I have so many questions; the main one is when? When did she cease to be human and become cyborg? Did she allow it, or was it something that was done to her? I know vengeance won't heal; only time will do that, if healing is possible. At the moment, it doesn't feel possible; I can't see past the red of anger and hurt, and oh God it hurts losing her...

When I finally cry, Princess holds me.

She holds me for a long time. Even when I stop, she still holds me and what was tearing loose is maybe a little more anchored.

A little.

"The rest of us have been lucky. We haven't lost anyone close. In the war, at least." She hesitates a little, and I know she's called up again the memory of how close Mark came last time out; he's her weakness. "Promise me something," Princess says. "If you go driving tonight..."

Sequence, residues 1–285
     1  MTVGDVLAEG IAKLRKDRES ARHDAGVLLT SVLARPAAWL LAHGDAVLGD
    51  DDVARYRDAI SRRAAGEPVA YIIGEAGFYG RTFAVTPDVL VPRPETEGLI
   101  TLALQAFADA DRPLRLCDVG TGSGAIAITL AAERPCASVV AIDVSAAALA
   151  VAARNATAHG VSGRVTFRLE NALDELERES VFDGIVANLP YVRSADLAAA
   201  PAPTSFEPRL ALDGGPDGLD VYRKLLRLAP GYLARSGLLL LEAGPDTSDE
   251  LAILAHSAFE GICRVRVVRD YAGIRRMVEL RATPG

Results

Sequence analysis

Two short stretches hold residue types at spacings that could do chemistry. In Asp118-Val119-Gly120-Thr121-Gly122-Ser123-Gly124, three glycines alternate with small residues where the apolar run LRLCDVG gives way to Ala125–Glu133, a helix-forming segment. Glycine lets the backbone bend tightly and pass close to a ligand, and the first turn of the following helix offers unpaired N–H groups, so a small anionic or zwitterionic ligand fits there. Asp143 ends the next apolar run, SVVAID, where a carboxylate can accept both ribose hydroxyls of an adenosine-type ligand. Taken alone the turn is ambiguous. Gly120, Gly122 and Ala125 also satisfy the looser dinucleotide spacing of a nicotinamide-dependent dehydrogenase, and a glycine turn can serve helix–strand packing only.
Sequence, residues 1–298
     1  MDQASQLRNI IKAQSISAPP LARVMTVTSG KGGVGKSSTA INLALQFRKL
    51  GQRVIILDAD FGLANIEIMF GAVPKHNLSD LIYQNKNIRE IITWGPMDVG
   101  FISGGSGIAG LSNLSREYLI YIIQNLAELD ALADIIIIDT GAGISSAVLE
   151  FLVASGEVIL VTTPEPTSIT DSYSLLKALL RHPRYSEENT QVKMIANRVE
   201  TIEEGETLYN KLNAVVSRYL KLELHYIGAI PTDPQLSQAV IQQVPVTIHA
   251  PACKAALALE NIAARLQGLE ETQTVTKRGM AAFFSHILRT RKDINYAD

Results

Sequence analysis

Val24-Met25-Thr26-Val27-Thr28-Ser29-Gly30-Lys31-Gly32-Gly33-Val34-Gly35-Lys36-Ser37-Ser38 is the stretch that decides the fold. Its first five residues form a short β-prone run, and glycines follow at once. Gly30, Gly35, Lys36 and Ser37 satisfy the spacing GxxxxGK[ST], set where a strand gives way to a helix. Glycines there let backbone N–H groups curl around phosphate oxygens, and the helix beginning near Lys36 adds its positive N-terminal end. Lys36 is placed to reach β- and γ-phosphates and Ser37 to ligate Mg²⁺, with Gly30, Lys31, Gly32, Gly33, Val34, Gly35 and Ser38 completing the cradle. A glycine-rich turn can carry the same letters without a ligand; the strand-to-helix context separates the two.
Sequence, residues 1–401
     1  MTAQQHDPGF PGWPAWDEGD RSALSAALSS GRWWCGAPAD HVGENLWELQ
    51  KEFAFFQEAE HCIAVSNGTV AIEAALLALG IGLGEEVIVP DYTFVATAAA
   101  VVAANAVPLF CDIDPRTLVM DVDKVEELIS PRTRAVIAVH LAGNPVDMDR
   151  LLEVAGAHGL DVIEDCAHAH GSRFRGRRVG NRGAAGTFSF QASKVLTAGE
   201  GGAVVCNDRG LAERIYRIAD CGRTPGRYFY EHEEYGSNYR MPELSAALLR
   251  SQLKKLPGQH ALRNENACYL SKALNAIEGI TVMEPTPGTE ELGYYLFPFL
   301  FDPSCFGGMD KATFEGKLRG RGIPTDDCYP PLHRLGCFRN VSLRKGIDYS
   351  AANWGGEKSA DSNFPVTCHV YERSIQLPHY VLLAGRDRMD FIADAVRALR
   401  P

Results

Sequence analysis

"I'll be careful." We all have our coping mechanisms, how we deal with reality and escape it for a little while. I drive. There are good roads on the mainland, not too far away with virtually no traffic, where you can drive and listen to the engine, make it sing. And not think. Again, I know what she's thinking, and it's good that she doesn't try and talk me out of going. If I try and sleep tonight, I probably won't be able to; if I do, I'll only dream of skin tearing back.

She nods; my word's good enough for her.

* * *

The trailer's still empty when I return. I make coffee then abandon it and try to get some sleep.

When I start to dream of mechanical animals and Lucy's last look as she falls, something else takes over; sea and rose, sea and rose, and I don't wake until well after sunrise.